Plaintiff had no contact with any of the individually named City Defendants prior to January 17, 2009, and has had no contact with them since that day.
On July 13, 2009, the charges against Plaintiff were dismissed due to lack of evidence, without opposition by the Onondaga County District Attorney's Office.
Plaintiff filed a notice of claim with the City of Syracuse on October 13, 2009.
Initially, the court notes, and the parties agree, that Plaintiff's New York common law claims for false arrest, detention and imprisonment and intentional infliction of emotional distress are time-barred, as Plaintiff filed her notice of claim more than ninety days after these claims arose. See N.Y. GEN. MUN. LAW §§ 50-e, 50-i (McKinney's 2010). Accordingly, the City Defendants' motion for summary judgment regarding those claims is granted.
Also, the court is constrained to acknowledge Plaintiff's specious argument that the facts underlying her intentional infliction of emotional distress claim against defendant Lynch equally support a § 1983 claim against him for the violation of her right to substantive due process under the Fourteenth Amendment, which is somehow encompassed in her "first federal law cause of action." Aff. of B. Brooks Benson, Aug. 27, 2012, ¶ 48, Dkt. No. 56. Nowhere in Plaintiff's amended complaint, however, does she allege such a claim. In fact, the words, "due process" do not appear, even once, in her pleading. Moreover, as Plaintiff's counsel is well aware, this court clearly identified the claims that were left to be adjudicated after deciding the pre-discovery motions in this case. See Dkt. No. 30. Absent from this court's MDO regarding those motions is any mention of a substantive due process claim. Because Plaintiff's argument that such a claim exists is unsupported, the court will not address the issue further.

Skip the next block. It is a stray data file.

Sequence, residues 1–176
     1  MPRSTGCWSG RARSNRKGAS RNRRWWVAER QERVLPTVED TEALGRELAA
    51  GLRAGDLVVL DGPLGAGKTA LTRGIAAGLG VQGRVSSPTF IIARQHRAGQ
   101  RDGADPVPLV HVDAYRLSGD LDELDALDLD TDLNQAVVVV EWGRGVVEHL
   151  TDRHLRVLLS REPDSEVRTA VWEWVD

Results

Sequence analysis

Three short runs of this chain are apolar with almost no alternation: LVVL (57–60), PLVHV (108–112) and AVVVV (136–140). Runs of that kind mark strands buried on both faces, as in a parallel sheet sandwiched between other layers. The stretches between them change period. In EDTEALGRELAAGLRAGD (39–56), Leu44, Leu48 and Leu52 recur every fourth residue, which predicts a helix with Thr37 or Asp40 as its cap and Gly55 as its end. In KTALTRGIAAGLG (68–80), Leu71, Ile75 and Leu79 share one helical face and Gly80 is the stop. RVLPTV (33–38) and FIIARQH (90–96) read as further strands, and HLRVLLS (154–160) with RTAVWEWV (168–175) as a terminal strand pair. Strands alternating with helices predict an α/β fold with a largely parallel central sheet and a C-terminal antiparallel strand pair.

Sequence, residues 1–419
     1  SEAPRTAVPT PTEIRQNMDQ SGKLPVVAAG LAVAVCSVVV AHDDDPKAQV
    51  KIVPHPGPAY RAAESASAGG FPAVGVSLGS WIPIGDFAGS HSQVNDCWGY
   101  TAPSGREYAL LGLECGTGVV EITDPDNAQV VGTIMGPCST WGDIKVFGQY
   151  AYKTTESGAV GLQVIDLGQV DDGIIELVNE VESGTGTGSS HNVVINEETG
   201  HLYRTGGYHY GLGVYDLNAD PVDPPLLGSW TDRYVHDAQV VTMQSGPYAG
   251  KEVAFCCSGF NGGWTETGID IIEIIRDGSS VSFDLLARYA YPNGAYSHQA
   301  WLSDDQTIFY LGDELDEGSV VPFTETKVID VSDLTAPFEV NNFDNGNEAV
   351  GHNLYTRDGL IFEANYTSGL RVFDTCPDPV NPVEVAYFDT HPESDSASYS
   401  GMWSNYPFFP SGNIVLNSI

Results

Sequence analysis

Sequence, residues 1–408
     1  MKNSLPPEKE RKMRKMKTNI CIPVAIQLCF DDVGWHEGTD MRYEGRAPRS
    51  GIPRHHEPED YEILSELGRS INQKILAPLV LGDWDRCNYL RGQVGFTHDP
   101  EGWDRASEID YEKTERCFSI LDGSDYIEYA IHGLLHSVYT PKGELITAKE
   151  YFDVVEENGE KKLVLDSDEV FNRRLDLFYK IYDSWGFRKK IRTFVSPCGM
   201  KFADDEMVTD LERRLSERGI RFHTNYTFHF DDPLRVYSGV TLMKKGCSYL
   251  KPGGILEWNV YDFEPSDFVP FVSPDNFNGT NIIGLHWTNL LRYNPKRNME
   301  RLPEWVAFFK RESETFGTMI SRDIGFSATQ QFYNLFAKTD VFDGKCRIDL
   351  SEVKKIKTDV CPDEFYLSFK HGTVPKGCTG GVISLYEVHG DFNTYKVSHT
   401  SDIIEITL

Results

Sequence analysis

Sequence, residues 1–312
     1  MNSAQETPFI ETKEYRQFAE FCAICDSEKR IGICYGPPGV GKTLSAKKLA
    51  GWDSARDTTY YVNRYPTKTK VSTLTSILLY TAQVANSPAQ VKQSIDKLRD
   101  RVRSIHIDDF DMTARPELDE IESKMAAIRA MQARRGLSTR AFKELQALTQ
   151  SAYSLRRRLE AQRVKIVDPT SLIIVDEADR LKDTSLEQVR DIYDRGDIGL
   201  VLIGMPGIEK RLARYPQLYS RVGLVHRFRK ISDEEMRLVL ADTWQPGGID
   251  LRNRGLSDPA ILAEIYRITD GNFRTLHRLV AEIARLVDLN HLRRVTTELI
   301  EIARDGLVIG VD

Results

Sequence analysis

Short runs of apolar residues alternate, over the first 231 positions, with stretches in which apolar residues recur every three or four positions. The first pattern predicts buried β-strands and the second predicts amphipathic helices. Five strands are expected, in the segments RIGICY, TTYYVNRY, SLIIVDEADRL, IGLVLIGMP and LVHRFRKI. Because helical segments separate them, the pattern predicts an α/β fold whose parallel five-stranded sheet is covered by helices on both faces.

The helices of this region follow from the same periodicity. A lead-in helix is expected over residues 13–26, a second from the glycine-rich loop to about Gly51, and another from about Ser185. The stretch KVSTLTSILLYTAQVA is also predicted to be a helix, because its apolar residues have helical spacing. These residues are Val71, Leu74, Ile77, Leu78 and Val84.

B. False Arrest/Detention/Imprisonment
A claim for false arrest, detention or imprisonment is evaluated pursuant to the Fourth Amendment right to be free from unreasonable searches and seizures. See Smith v. City of New York, 388 F. Supp. 2d 179, 184 (S.D.N.Y. 2005) (citing Hygh v. Jacobs, 961 F.2d 359, 366 (2d Cir. 1992)). The elements of such a claim are that "(1) the defendant intentionally confined the plaintiff; (2) the plaintiff was aware of the confinement; (3) the plaintiff did not consent to the confinement; and